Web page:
We don’t really live in an era of bringing casseroles to potlucks anymore (at least not in my world). Even if we did, I am a bit militant about quality control (that, and I keep kosher), so I usually decline guests offers of bringing food to a party. So I tend to cook. A lot. My mother usually one-ups me by announcing that she has twice as many left overs as I do for any given occasion (I call that evolution; you have to learn from your past to not repeat the same mistakes.) My mother-in-law, on the other hand, always nods knowingly. At least I come by it honestly. On all sides. Naturally this means I have a lifetime supply of disposable plastic containers on hand at all times.
But sometimes, it is just too much to look at leftovers over and over and over again. Yet, I don’t want them to go to waste. If I can freeze something for the future, I often do, but sometimes at the end of a dinner party I am too tired (or, more likely, have had too much wine) and get a little lazy about labeling. So these things tend to get discarded once they are covered in freezer burn and I can no longer identify them as food, let alone a particular food product.
Perhaps my favorite way to get rid of leftovers, though, is packing to-go boxes for my friends. Recently that meant desserts to go for everyone after our wine dinner (some of the chocolate mousse shots were still in the shot glasses. I’m bound to get those back eventually.) Over the holidays it was chicken soup, brisket, potatoes and desserts a-plenty. When a friend couldn’t make dinner because he had to work, his partner brought him a scaled down version of the entire meal. The entire thing was packed in plastic, disposable containers. Environmentally friendly? Not so much. Easy to deal with? Indeed.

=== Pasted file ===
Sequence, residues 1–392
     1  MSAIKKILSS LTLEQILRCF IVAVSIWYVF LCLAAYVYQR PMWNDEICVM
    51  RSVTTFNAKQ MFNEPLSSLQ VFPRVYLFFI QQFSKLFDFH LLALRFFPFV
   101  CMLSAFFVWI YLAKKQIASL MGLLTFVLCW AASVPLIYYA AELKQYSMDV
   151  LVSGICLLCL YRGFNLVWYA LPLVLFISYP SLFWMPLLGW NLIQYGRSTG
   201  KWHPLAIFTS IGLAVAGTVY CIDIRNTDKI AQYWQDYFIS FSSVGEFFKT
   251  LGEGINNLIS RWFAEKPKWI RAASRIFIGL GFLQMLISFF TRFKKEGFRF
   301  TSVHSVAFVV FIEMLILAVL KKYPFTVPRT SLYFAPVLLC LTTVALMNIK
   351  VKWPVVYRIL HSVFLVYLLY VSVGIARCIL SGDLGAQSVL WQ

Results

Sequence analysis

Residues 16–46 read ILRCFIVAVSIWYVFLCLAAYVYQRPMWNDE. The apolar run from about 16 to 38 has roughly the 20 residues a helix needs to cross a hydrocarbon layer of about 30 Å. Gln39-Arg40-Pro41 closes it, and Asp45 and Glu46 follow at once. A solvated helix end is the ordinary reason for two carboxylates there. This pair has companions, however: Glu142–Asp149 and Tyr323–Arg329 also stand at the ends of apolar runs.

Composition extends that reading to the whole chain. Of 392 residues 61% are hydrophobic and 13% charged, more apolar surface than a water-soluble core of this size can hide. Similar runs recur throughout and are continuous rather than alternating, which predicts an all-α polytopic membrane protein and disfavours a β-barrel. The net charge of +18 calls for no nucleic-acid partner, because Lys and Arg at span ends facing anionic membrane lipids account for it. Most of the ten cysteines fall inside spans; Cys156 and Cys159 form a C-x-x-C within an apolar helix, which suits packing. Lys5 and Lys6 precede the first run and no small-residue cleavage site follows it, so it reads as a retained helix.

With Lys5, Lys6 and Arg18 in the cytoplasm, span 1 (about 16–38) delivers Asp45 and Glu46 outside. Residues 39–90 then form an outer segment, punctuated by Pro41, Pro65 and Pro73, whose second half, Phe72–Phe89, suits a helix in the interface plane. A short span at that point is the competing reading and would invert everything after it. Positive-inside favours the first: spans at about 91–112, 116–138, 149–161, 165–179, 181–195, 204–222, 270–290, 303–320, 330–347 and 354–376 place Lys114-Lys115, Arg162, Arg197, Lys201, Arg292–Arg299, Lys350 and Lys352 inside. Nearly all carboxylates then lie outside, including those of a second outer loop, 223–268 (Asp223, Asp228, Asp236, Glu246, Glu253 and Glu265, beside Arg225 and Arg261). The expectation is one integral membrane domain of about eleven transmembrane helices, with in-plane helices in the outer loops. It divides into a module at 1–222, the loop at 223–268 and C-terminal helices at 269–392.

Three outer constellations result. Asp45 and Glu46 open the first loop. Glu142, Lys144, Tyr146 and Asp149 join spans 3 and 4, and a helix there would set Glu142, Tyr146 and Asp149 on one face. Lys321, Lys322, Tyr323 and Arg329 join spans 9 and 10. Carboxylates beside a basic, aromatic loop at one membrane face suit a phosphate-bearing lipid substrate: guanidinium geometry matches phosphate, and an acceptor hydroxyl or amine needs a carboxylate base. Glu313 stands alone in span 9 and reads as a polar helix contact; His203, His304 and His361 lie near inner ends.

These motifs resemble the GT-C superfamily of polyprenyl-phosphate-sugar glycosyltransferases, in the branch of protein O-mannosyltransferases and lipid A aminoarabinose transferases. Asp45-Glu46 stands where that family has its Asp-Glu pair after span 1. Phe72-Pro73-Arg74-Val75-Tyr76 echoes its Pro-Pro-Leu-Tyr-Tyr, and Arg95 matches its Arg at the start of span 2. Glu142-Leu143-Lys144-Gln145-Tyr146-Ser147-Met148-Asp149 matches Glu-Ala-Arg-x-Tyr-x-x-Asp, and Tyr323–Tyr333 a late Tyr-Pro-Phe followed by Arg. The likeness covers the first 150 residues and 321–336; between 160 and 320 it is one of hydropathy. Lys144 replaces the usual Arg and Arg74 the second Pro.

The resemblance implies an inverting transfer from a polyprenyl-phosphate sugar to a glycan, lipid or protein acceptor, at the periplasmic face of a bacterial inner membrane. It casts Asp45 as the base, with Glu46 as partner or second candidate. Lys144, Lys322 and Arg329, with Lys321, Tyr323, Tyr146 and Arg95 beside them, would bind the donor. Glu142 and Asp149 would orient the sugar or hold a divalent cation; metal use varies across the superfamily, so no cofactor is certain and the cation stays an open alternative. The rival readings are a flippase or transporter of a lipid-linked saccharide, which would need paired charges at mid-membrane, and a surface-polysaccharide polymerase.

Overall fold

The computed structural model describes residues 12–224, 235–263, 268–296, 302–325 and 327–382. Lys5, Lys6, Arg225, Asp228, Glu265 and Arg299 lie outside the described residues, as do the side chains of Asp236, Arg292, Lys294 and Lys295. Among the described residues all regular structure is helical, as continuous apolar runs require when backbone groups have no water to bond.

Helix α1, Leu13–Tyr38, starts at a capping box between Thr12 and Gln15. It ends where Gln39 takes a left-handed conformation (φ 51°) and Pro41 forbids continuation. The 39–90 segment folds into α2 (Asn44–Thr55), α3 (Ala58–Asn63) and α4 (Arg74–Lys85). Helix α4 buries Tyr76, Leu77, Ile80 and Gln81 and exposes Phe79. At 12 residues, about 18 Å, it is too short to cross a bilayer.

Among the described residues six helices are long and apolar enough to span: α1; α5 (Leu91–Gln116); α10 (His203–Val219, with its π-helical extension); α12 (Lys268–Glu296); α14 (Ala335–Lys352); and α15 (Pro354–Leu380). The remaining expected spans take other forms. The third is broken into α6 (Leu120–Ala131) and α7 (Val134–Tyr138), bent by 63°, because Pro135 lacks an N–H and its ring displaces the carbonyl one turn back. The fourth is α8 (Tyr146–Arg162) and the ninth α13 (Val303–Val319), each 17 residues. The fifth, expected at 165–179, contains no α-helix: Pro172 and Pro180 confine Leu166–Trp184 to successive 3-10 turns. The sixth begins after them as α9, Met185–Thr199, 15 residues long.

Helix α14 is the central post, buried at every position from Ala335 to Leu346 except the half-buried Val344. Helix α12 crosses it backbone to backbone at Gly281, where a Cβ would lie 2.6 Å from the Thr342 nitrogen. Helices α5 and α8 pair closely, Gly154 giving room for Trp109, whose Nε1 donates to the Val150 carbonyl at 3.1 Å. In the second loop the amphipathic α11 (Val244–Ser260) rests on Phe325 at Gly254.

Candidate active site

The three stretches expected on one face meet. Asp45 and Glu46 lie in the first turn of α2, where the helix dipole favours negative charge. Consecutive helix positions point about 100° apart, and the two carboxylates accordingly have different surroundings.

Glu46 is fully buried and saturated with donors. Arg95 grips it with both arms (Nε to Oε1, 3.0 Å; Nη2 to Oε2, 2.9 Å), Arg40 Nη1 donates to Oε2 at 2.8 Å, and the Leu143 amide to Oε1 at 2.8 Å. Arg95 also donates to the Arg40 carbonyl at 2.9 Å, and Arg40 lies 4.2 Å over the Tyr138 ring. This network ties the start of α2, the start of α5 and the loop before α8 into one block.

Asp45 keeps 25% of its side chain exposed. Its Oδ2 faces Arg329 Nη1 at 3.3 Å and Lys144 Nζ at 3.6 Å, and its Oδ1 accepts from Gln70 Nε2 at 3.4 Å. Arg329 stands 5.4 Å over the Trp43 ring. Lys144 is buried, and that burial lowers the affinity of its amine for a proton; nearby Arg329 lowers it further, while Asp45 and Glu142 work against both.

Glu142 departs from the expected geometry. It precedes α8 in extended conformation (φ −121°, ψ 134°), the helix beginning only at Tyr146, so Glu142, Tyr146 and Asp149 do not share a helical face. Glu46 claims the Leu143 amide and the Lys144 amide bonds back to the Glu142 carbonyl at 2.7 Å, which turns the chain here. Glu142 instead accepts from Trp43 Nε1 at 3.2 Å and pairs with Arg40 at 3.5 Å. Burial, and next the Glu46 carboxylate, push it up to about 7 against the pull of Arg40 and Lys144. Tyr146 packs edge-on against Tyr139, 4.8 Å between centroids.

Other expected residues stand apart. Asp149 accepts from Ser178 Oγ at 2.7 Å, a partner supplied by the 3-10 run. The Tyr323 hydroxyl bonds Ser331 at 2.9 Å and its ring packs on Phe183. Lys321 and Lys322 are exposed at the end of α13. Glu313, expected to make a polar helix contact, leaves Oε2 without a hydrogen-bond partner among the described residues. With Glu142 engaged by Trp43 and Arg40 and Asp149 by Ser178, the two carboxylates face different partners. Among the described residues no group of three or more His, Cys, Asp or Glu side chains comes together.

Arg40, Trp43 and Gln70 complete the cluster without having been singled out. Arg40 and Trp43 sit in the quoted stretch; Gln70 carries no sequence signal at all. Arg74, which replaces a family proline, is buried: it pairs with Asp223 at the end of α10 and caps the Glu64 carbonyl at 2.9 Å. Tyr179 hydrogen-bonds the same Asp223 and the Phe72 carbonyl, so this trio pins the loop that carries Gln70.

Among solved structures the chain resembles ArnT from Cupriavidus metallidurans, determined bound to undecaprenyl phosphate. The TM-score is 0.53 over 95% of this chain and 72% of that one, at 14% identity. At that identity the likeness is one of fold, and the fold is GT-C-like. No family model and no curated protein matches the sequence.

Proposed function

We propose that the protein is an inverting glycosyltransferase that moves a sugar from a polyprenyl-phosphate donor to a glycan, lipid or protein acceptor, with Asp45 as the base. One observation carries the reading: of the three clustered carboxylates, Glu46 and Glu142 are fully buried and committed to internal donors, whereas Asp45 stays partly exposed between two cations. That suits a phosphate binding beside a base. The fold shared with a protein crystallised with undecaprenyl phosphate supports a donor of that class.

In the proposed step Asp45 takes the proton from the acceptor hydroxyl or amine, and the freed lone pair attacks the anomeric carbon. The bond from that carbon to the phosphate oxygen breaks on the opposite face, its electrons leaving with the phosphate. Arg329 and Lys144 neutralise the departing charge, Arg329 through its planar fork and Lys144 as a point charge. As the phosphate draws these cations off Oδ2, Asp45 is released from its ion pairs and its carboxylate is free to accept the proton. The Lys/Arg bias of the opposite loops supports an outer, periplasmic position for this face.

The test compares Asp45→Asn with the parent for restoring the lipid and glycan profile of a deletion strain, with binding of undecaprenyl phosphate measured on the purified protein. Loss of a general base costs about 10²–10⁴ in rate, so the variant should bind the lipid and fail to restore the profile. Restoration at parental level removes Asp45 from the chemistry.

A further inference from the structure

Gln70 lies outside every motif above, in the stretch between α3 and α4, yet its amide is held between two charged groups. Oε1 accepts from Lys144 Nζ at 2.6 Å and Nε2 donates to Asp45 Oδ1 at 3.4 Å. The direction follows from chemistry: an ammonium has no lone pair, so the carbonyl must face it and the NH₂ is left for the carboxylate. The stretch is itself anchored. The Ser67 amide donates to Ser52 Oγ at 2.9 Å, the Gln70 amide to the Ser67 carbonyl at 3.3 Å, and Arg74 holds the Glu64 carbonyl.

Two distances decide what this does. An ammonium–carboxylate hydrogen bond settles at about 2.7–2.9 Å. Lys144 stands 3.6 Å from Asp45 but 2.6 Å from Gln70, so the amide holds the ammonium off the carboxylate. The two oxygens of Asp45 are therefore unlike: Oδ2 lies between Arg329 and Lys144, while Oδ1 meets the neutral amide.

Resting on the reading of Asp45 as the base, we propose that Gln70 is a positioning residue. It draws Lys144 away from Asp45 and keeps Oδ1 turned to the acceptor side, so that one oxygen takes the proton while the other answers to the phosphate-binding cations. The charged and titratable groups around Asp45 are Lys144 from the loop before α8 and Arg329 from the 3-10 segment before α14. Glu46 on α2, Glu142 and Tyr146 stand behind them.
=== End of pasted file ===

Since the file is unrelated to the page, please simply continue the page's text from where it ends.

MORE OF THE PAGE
And that was that. I hadn’t given the whole occurrence a second thought.
A few weeks later, these friends came by and strolled in with a shopping bag. Each container was washed and ready to be reused. I was dumbfounded. Why am I getting these back? Why don’t they reuse them? Does it really occur to people to return disposable containers, after all, these aren’t the fancy Tupperware of the ’70s? But most importantly, I had this thought: Sh*t. Am I doing it wrong? Am I always supposed to return these? Do all of my friends now think I am completely ungrateful and rude? (I know, I can sometimes be rude, but am never ungrateful.) Are my friends just too thoughtful?
So, tell me… Have I been wrong all this time? Do I owe my mother approximately 7,000 Glad containers? Or can it go both ways? These are pressing issues and I need to know if I have been inadvertently completely rude. (Hey, if I am going to be rude, I like to know about it!)